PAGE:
Natural Flood Management

Working with Natural Processes

Concrete barriers and other “hard” defences, such as embankments, protecting homes from flood water are a common sight along rivers all over the country. 

However, they cost millions of pounds to build, often require expensive maintenance regimes and are never 100% guaranteed to work for every flood event, becoming less effective as our climate changes. In addition, protecting one location can also move the problem onto somewhere else, often the next house, village or town downstream. The “means or desire” to construct these forms of flood defence is also reliant on the level of flood risk within any particular location and the benefits which can be derived for such a high cost approach. 

There are other, more natural ways of reducing flood risk. These are based around how land and watercourses in the upper areas of a catchment is managed and form a core area of our work across both the Rivers Ouse and Adur. We have a wide range of experience in delivering effective schemes in both rural and urban settings and believe that co-creation, design and delivery with communities and landowners should be at the heart of these schemes.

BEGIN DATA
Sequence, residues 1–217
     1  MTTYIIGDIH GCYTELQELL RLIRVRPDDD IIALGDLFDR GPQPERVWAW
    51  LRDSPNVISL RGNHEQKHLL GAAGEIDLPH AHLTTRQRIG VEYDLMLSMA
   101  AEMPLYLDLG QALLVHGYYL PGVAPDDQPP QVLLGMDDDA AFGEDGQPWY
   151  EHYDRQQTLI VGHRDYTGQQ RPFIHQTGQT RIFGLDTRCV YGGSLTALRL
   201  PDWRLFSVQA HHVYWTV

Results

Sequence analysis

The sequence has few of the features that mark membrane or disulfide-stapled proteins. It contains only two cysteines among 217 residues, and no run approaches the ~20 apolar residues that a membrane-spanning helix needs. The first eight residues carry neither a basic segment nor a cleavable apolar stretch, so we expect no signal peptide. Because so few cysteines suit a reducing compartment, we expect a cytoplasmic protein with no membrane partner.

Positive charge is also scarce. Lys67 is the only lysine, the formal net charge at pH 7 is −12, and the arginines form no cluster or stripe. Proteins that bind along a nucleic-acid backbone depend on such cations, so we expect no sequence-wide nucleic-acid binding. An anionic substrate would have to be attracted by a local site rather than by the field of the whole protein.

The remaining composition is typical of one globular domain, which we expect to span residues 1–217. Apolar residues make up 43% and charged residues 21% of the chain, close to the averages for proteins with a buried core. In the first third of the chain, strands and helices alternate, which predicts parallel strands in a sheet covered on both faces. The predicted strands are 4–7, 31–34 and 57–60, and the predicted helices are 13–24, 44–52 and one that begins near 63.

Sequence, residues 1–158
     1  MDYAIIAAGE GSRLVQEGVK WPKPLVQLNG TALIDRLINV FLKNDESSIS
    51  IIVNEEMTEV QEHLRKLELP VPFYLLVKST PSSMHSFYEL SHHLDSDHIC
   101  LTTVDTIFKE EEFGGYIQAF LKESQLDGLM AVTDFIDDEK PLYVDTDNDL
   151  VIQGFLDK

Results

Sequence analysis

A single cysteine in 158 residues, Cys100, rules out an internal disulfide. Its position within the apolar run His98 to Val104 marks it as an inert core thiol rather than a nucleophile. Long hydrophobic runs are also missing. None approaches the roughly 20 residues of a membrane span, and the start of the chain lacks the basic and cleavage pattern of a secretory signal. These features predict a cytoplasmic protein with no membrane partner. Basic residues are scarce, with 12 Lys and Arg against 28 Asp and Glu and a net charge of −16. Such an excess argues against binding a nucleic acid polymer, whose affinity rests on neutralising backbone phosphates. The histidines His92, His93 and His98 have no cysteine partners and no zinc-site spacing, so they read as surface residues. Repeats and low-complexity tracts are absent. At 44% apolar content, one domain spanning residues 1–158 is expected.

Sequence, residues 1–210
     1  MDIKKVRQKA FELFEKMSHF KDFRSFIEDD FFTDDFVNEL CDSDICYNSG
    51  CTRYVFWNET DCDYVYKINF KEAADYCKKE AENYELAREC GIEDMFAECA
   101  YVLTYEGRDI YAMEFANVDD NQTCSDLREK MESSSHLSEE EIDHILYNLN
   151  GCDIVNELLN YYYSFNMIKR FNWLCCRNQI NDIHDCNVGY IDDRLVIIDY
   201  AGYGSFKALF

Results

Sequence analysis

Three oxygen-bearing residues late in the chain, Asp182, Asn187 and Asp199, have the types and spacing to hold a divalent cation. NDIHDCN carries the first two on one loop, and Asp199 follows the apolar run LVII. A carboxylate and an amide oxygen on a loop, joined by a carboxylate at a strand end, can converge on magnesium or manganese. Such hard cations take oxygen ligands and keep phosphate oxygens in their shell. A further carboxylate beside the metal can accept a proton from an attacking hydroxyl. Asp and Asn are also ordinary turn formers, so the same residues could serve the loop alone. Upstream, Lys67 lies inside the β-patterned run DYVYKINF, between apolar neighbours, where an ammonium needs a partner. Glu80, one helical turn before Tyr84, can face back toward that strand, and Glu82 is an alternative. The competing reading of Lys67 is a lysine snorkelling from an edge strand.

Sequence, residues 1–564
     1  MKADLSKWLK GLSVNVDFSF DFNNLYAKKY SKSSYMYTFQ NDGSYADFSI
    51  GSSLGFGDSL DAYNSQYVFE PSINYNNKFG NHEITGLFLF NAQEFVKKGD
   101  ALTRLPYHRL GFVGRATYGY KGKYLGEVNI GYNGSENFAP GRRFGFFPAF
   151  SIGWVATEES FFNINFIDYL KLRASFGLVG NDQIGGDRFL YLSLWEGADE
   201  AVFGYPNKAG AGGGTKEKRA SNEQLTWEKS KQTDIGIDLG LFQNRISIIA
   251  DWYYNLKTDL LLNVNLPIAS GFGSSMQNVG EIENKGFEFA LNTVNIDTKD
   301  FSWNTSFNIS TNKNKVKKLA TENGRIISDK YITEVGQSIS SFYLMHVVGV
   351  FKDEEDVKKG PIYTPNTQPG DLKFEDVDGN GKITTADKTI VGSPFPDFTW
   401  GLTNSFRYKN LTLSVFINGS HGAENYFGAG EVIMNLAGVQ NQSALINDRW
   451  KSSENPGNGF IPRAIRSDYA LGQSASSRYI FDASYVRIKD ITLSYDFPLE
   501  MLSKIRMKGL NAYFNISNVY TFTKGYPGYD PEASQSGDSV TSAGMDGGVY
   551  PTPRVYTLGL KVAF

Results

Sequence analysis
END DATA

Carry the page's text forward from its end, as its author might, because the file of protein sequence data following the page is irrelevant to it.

Natural Flood Management (NFM)

To reduce flood risk downstream, NFM incorporates a wide range of techniques. These include land management to store water both in soils and on the surface, altering surface water pathways and in-channel flow regimes to hold back and de-synchronize the flow of water across the landscape.  Our work shows that the right combination of measures, in the right place, backed by data, evidence and local knowledge can help to slow flood peaks and reduce the depth and duration of flooding. 

At the Ouse & Adur Rivers Trust our Project Officers have a wide range of experience in delivering landowner advice and working to ensure that any NFM scheme seeks to provide a range of wider benefits such as increased ecosystem resilience, improved water quality and soil health, drought resilience and community well-being. 

Adur Catchment NFM Project